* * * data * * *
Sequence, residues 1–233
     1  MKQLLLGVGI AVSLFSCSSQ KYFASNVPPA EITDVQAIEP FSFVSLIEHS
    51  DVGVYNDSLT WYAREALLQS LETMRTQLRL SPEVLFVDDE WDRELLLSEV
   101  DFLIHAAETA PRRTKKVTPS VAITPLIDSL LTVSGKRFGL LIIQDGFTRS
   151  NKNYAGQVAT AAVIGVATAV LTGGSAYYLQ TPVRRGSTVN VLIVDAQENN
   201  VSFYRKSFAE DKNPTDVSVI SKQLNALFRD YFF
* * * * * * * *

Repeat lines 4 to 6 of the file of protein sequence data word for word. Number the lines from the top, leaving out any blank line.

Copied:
   101  DFLIHAAETA PRRTKKVTPS VAITPLIDSL LTVSGKRFGL LIIQDGFTRS
   151  NKNYAGQVAT AAVIGVATAV LTGGSAYYLQ TPVRRGSTVN VLIVDAQENN
   201  VSFYRKSFAE DKNPTDVSVI SKQLNALFRD YFF